The coronavirus has had a far more devastating effect on the Proms than Adolf Hitler ever did. While Henry Wood’s Promenade Concerts relocated to Bedford Corn Exchange during the Second World War after they were forced out of bomb-blitzed London, David Pickard (current Proms Director) has no such option. And so, for six weeks, classical music fans must make do with archive material from Proms history before the concerts transfer to the Royal Albert Hall for the last two. Names of artists are unconfirmed; exact conditions within the Hall awaiting government advice.
Watching concerts from the past is a quick-fix solution (the BBC are doing much the same with the completely cancelled Glastonbury), but while there is a great deal to enjoy from 73 years of televised concerts, and radio recording stretching back to the 1920s (think of all those famed appearances by conductors such as Malcolm Sargent and Georg Solti), there is no substitute for the power of live music. The appeal of the Proms lies partly in the extraordinary atmosphere it creates which – whether you are lucky enough to be at the Albert Hall or watching it from the comfort of your own home – is infectious.
Of course, under current government restrictions, the idea of any kind of electric atmosphere is unlikely. However, the Proms might well have sought inspiration from the Wigmore Hall which is staging live lunchtime concerts every weekday throughout June featuring various soloists. Our classical artists, many of them freelance and not well remunerated, could certainly do with the opportunity. An empty venue is a strange thing to behold, but new isolated Proms concerts from the start would make no small contribution to a live arts scene in crisis.
When the Proms finally moves to the Albert Hall on August 28, it is very hard to know what sort of concert to expect. However, the size of this extraordinary building which has a capacity of 5,544 including standing room in the gallery means that social distancing COULD take place effectively. My guess is that it could run at a thirty per cent capacity which would mean around 2,000 visitors in the Hall. Families could make use of the many boxes and Promenaders could sit a seat apart from each other in every other row. This would lead to a rather denuded Last Night, but it would be a step in the right direction.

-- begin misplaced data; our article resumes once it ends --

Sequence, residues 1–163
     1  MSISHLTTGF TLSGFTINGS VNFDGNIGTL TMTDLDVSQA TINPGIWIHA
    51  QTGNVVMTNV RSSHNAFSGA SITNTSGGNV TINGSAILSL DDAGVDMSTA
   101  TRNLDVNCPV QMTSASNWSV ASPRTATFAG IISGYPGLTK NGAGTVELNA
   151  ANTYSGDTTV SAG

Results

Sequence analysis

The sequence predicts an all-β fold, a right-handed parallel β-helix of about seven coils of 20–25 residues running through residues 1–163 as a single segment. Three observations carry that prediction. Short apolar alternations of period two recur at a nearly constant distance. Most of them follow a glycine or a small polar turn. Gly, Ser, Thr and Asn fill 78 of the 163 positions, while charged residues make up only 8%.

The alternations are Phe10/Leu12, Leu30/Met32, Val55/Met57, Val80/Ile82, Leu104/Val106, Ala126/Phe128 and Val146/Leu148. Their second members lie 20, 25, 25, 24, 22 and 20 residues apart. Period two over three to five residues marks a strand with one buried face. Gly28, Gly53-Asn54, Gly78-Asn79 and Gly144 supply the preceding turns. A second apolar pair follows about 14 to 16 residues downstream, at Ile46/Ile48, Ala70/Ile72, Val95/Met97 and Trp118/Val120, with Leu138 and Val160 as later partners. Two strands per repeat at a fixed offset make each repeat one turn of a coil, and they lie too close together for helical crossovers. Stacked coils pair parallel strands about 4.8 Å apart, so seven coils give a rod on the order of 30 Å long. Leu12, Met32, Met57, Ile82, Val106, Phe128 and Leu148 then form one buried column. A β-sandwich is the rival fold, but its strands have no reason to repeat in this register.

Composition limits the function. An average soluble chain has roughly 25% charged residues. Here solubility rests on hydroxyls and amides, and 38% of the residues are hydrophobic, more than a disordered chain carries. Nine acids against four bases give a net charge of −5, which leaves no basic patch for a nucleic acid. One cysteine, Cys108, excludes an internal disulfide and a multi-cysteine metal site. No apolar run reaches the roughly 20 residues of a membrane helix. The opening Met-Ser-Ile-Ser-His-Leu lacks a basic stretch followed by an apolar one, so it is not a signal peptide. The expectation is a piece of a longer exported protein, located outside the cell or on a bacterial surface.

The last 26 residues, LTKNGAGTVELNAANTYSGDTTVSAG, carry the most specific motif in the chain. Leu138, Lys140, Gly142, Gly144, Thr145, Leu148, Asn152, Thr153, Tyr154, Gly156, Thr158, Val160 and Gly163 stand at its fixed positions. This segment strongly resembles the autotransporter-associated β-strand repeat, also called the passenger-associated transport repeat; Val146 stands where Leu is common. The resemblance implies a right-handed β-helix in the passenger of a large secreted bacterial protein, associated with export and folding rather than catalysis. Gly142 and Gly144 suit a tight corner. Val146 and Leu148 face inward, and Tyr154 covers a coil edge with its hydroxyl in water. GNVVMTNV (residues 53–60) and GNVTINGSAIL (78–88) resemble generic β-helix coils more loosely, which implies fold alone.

The Last Night of the Proms, love it or loathe it, is of course an important event in the English psyche. It has become a political football in recent years, and a battleground in miniature between Leavers and Remainers, but ultimately it is a celebration of a festival which is the envy of the world and we mustn’t forget that. If, come the Last Night on September 12, tough restrictions are still in place and viewers at home are reduced to waving flags out of their living room windows, it will be a very sorry state of affairs. Recreating the experience at home may work well for events such as the Eurovision Song Contest, but that is a celebration of irony, a camp-fuelled take on an event which we know we will never win again.
The Proms, on the other hand, is a source of national pride and needs to be cherished to full effect. Other countries have their classical festivals, but nothing beats our flagships concerts in terms of their scale or their star power.
Sir Simon Rattle has described the Proms as “a sort of home” and he’s right. If we’re denied the full experience, we will be left feeling destitute.